Unfortunately, viruses are inherently unstable. Genetic mutations often occur because viruses rapidly replicate. Each time they do, their genetic information is effectively “copied and pasted” into the new recruits. Due to the sheer number of times this occurs, mistakes are made when the genetic information is copied and mutations in the genetic code occur. This same process happens in millions of our cells every day. The difference is, our body has extremely efficient internal machinery for recognizing and destroying mutated cells. Viruses do not have the same safeguards, so mutations often stick.

These mutations happen at varying rates in different viruses. Influenza, the virus responsible for seasonal flu, is one of the fastest mutating viruses known to man. Significant mutations change every year resulting in large changes to the proteins expressed on the surface. As a result, flu becomes ‘seasonal’ meaning the immunity you generate from one strain of flu is likely to only last until the new, heavily mutated strain emerges. When the new strain infects you, B cells simply do not recognize it and the immune response takes longer, meaning you get ill again.

Fortunately, the recent discovery about COVID-19 suggests the virus mutates at a much slower rate. If you get infected with COVID-19 but recover, it is likely that you will remain immune against it for a longer time (maybe even for life).

Where do vaccines fit in?
When you are vaccinated against a virus, you are injected with a tiny dose of either part of a virus or the whole of its structure. The dose is not high enough to cause infection but it is sufficient to trigger your immune system to produce the antibodies required to destroy it. As a result, B cells gain the ‘memory’ they need to quickly eradicate the virus should it enter you for real.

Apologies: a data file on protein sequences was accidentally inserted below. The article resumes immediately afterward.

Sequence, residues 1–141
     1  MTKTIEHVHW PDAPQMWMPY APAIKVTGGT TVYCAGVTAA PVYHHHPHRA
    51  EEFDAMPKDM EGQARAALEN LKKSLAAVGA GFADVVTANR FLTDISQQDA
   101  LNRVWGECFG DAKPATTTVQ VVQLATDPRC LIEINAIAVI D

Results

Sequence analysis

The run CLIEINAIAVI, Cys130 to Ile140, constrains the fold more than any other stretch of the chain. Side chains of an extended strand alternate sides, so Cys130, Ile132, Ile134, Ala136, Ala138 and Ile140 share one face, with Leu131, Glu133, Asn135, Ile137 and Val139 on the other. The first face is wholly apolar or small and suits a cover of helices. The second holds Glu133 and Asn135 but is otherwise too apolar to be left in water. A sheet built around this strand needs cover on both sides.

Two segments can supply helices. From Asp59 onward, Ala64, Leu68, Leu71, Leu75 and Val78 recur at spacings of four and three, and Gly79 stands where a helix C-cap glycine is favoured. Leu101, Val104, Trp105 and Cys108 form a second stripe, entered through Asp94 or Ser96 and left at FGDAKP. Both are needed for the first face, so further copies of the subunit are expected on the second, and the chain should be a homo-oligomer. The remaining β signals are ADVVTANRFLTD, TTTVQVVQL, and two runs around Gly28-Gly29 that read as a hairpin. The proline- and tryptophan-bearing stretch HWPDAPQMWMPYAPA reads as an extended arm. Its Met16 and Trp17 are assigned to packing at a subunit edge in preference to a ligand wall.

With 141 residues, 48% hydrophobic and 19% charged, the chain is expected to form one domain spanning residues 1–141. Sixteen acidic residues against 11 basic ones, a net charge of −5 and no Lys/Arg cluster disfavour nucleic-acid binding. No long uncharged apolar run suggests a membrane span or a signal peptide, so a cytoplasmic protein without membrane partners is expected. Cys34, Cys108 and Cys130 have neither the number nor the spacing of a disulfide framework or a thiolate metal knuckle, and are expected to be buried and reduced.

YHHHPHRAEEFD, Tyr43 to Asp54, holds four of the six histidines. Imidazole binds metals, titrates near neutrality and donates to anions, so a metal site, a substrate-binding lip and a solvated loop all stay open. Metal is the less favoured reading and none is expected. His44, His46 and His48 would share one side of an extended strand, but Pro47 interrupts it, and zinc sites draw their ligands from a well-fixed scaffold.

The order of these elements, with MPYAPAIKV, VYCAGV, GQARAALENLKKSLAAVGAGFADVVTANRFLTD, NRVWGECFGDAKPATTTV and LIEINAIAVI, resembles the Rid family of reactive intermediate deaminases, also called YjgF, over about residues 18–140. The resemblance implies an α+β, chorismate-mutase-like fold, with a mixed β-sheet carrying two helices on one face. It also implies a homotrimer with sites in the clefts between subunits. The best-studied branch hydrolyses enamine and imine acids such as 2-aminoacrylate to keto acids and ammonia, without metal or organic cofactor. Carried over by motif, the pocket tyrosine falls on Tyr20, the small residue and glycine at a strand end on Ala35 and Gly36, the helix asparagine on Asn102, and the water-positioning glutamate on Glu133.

With viruses like the flu, a new vaccine needs to be prepared every year. The regular mutations in the structure of the flu virus means the effectiveness of a vaccine expires and a new one must be produced every year to tell the immune system what the new virus looks like so it can quickly respond. This results in the seasonal flu vaccine we are all familiar with.

The data on COVID-19, however, suggests a seasonal vaccine may not be necessary. The virus is mutating at such a slow pace that it is now believed any vaccine that is developed for it would only need to be a single dose vaccine. This would make it much more like the vaccines we have developed for diseases such as measles and chickenpox where one dose is enough to make you immune for good (or at least for a very long time).

Several vaccines are currently in development, but we are still at least 12 months from seeing an approved product. The race is now officially on but, fortunately, it looks like we won’t be needing a rematch any time soon.

Sam Moxon has a PhD in regenerative medicine and is currently involved in dementia research. He is a freelance writer with an interest in the development of new technologies to diagnose and treat degenerative diseases. Follow him on Twitter @DrSamMoxon

Credit: Genetic Literacy Project